Iran’s nuclear program and the international community

Cesar Jaramillo Nuclear Weapons

The international standoff over Iran’s nuclear program:
Q&A with Yousaf Butt
By Cesar Jaramillo

The Ploughshares Monitor Volume 34 Issue 3 Autumn 2013

Few countries have had their nuclear programs subjected to as much scrutiny and media attention as has Iran. Yet key questions about the nature and extent of this program remain unanswered or in dispute.

Some Western countries accuse Iran of clandestine efforts to divert its nuclear energy program to the production of nuclear weapons. Iran’s response: its nuclear energy program is exclusively for peaceful purposes and permitted by the Nuclear Non-proliferation Treaty (NPT), to which it is a party. Especially skeptical of Iran’s claims are the United States and Israel, both of which possess nuclear arsenals themselves—the latter outside the nearly universal NPT.

Rounds of talks (the first in 2006) to resolve the impasse over the Iranian nuclear program between Iran and the P5+1 (the five permanent members of the UN Security Council and Germany) have yielded few tangible results. Also beginning in 2006, the UN Security Council passed a number of resolutions that imposed crippling economic sanctions on Iran in response to its reported refusal to meet International Atomic Energy Agency (IAEA) safeguard requirements and to stop enriching and reprocessing uranium. Further sanctions have been imposed unilaterally by the United States, member states of the European Union and other countries. Critics contend that not only do these measures constitute a thinly veiled attempt at regime change, but that they have done more to harm to the average Iranians than to persuade the Iranian government to change its nuclear posture.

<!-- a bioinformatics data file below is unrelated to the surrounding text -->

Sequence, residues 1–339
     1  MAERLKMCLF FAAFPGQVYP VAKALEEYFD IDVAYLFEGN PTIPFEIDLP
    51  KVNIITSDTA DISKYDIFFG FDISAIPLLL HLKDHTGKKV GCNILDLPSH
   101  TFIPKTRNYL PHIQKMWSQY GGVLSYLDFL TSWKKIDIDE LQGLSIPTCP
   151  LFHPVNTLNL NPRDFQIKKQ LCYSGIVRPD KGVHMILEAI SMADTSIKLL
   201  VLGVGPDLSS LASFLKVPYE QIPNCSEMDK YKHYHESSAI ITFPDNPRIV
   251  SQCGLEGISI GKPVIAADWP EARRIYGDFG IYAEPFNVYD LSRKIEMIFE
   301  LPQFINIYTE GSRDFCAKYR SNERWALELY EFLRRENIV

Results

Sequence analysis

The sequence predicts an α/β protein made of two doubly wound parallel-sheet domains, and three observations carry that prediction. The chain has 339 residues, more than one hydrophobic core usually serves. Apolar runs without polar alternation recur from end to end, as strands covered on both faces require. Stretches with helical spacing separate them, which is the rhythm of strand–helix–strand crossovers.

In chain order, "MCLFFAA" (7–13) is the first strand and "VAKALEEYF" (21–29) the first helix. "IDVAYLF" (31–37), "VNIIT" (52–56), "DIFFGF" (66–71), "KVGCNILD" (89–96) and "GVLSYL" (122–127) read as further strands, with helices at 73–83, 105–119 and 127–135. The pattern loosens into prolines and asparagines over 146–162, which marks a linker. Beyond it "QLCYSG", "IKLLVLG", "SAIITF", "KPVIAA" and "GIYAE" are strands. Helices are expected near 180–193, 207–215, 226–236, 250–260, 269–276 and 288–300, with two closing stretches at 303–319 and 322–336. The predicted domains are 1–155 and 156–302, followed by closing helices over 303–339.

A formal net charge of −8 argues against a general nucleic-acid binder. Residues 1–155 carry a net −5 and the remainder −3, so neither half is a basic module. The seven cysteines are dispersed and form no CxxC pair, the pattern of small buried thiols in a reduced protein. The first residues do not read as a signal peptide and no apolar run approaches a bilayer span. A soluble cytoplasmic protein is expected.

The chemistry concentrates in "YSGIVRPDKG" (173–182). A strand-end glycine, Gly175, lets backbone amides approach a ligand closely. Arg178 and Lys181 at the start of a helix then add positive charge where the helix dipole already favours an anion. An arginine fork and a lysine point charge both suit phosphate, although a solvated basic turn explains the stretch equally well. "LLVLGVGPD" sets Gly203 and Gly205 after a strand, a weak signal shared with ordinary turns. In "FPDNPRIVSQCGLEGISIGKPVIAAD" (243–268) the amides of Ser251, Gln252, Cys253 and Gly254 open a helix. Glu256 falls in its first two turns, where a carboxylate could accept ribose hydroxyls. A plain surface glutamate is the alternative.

The IAEA—the organization tasked with monitoring Iran’s nuclear energy program—has never definitively claimed that Iran has a nuclear weapons program. However, it has not been able to fully certify that Iran has NOT diverted nuclear material for military purposes, in part because Iran ceased to implement the IAEA Additional Protocol (AP), which strengthens the classic safeguards system with more stringent inspections of declared and undeclared facilities, in 2006.

Iran has accused the IAEA of a pro-Western bias. In a 2009 U.S. State Department cable revealed by Wikileaks, a U.S. diplomat stated that IAEA chief Yukiya Amano “was solidly in the U.S. court on every key strategic decision, from high-level personnel appointments to the handling of Iran’s alleged nuclear weapons program.”

Iranian officials have repeatedly asserted that Iran is not willing to renounce its right to enrich uranium for peaceful purposes. But the facilities, processes, and technical expertise required for a peaceful nuclear energy program are to a great extent also essential for a nuclear weapons program.

Project Ploughshares Program Officer Cesar Jaramillo posed the following questions to Yousaf Butt, a nuclear physicist who has written extensively on the subject of Iran’s nuclear program. Dr. Butt is director of the Emerging Technologies Program at the Cultural Intelligence Institute, a non-profit headquartered in MacLean, Va., dedicated to promoting fact-based cultural awareness among individuals, institutions, and governments. The views expressed here are his own.

 

CJ: Let’s start with the basics: is it accurate to speak of Iran’s “nuclear weapons program,” as some public figures and news organizations have done?

 

YB: No, there is no known Iranian nuclear weapons program. Western intelligence agencies confirm this. A research-level effort prior to 2003 may have examined some aspects of nuclear weapons, but even that was not a bomb factory.